Interview with Robert Newry, CEO & Co-Founder at Arctic Shores

Right now, more and more employers are looking for ways to look beyond the CV. To get a deeper, clearer, fairer insight into a person’s potential. At Arctic Shores, we believe in our bones that human potential is worth knowing. So, using our award-winning and ground-breaking behaviour-based assessment, we put that insight in employers’ hands.

Through interactive tasks, the assessment measures every candidate’s personality through their natural behaviour, and automatically maps their strengths against each employer’s unique needs. This leaves no room for gut-feel. No need for guesswork. Just a fair shot for every candidate, regardless of age, ethnicity, gender or background. And, for their part, employers get a clear read on every candidate’s potential to succeed.

From our joint bases in Manchester & London, we’ve put more than two million candidates through our platform for the likes of Siemens, AXA, Next and more. We’ve also just recently celebrated being included in Deloitte’s Tech Fast 50 list – just the latest recognition of our mission to help employers see more in people.


How did you come up with the idea for the company?

When my Co-Founder (Dr. Safe Hammad) and I decided to set up a business, we wanted to create one that made a difference in the world, however small. Otherwise, why go through all the challenges and pitfalls?

Initially, we started with the idea to teach kids business skills through a video game. But after a couple of interesting pitches, we weren’t sure this offered a big enough niche to really succeed.

It was actually a conversation with a close friend, whose daughter had been rejected from a string of graduate jobs, which helped us realise that the hiring experience was where we could make a real difference.

We saw she was exceptionally bright, creative, resilient – in short, full of potential. But employers couldn’t see those same qualities. We said to ourselves: “if only they could know her like we did. If only they could dig that bit deeper”…

So we pivoted our business game idea to developing a psychometric assessment, bringing together game technology, cognitive neuroscience and psychology. We were lucky to have Deloitte, Siemens and Thales as the founding clients willing to pioneer this new approach.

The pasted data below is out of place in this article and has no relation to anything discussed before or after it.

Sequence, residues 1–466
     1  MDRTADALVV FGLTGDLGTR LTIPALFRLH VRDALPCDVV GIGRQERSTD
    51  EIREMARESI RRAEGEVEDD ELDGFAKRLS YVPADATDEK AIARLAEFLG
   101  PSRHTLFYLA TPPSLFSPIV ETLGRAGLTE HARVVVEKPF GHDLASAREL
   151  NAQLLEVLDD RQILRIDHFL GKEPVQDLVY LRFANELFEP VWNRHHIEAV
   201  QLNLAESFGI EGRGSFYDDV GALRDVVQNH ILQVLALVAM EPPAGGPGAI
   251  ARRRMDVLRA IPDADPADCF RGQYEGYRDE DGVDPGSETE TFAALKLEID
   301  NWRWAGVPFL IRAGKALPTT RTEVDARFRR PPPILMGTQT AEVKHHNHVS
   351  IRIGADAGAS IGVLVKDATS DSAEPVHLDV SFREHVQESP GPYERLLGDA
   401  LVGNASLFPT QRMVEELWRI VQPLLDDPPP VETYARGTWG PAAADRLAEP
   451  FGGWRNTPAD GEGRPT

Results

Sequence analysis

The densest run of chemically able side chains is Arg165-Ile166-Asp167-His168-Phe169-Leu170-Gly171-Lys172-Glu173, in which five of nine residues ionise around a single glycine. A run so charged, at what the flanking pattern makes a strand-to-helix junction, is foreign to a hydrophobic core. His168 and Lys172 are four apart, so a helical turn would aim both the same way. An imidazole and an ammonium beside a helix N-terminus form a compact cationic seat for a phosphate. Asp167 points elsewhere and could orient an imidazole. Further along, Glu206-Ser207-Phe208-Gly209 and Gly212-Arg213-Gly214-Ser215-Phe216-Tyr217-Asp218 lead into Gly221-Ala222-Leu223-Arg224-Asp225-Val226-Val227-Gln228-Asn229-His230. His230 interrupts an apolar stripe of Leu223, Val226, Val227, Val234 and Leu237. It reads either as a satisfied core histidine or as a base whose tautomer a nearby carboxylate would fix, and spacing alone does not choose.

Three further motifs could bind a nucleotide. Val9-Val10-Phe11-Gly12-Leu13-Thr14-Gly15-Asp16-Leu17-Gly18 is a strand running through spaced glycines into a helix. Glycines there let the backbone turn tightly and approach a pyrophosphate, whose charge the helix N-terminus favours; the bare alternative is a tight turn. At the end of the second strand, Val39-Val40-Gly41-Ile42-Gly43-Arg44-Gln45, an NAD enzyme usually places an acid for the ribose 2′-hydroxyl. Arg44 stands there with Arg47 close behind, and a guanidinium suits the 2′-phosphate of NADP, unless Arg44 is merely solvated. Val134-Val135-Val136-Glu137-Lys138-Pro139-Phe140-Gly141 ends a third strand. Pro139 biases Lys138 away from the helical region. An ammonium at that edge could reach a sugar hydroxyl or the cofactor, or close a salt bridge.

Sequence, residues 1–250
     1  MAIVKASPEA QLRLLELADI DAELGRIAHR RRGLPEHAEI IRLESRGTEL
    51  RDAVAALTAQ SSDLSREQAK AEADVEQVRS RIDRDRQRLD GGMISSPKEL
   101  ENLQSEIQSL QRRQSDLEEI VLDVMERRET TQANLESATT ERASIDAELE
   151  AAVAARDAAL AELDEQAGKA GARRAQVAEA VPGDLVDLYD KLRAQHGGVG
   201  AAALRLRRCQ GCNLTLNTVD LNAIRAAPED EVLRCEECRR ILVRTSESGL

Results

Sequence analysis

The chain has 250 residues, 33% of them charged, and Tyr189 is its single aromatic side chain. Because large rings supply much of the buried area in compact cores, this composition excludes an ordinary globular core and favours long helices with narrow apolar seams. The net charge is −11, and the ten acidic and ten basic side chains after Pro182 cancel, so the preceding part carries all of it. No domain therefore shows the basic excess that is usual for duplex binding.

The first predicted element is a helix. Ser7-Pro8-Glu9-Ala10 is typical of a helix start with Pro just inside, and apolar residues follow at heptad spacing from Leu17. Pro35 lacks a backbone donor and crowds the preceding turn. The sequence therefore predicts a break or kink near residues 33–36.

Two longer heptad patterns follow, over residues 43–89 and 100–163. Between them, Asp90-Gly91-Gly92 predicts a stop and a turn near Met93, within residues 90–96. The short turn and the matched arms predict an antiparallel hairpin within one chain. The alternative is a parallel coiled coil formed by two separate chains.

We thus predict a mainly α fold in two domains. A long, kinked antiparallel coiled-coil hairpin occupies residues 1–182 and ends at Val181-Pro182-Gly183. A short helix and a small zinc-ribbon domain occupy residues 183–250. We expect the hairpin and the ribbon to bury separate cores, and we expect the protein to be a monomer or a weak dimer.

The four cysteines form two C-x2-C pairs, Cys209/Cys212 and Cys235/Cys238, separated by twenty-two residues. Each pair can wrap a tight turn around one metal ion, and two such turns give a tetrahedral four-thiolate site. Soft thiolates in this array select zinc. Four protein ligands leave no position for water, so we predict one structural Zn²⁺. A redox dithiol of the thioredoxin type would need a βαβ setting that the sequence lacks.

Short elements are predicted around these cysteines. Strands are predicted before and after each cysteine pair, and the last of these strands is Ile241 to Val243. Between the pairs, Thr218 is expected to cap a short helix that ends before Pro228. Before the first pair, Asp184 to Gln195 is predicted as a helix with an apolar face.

What advice would you give to other aspiring entrepreneurs?

Find a problem you can make it your mission to solve. Entrepreneurial life is full of tough choices, and it can get lonely when that responsibility rests on your shoulders. Having a mission that’s about more than financial return can give you that second wind after a setback.

Focus. It’s so easy to get sidetracked from building and improving your core product, either by darting from one new product extension idea to the next, or bending over backwards to please a new client. To start, just do one thing. And do it well.

Understand the customer, not a customer. Keeping all your customers’ challenges in mind will always lead to better, more successful products than just solving for one. Ask yourself “does this problem occur for everyone?”, again and again. Do your research, all the time, for Product Market Fit.

What can we hope to see from Arctic Shores in the future?

Our focus now is on helping companies of all sizes remove ‘gut feel’ from hiring decisions. To help this we’ll be launching our next generation assessment platform UNA (named after pioneering neuroscientist Una Fielding).

UNA is designed to make it easy for any company to harness the power of our objective behaviour-based assessment. By offering an ever-growing range of job success profiles for common roles, even small companies can match their candidates against consistent criteria, developed by experienced business psychologists. They’ll also get access to targeted interview guides, to help them make the best hiring decisions.

The data we’ll see from the platform, across a range of industries, geographies and roles, will also give us a wealth of insight into what it takes for candidates to be successful. We plan to use this data to give something back to candidates, in the form of more insightful and actionable career advice.